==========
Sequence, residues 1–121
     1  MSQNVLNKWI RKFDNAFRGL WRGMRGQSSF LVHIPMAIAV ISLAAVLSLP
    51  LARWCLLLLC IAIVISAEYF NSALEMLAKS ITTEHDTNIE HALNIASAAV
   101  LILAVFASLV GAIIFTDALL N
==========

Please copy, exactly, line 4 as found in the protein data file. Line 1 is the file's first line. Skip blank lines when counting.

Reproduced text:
   101  LILAVFASLV GAIIFTDALL N